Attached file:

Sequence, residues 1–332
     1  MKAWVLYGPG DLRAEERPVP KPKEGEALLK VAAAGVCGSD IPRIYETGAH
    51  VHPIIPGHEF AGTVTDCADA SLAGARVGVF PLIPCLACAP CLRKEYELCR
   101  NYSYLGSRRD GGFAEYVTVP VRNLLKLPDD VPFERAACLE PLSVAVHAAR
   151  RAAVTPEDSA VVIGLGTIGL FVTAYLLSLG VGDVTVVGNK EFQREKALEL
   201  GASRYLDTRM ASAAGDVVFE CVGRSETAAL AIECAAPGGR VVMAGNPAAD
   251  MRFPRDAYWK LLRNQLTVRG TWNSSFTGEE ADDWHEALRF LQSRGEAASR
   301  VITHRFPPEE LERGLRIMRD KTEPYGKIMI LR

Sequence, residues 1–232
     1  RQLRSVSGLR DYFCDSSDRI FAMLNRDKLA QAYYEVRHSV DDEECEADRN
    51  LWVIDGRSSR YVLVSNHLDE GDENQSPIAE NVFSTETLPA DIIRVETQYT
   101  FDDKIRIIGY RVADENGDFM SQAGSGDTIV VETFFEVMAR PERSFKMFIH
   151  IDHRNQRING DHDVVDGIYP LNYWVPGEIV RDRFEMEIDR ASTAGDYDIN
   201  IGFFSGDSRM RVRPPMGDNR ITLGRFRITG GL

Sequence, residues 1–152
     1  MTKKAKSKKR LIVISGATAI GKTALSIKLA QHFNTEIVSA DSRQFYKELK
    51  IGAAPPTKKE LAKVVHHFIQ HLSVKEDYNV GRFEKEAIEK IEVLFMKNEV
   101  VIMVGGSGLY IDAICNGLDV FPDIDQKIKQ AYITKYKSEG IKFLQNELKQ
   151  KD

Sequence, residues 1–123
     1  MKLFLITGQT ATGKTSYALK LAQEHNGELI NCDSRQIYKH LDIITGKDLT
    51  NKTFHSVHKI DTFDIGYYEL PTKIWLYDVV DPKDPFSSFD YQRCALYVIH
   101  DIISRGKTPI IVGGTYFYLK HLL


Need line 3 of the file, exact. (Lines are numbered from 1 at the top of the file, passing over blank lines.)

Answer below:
    51  VHPIIPGHEF AGTVTDCADA SLAGARVGVF PLIPCLACAP CLRKEYELCR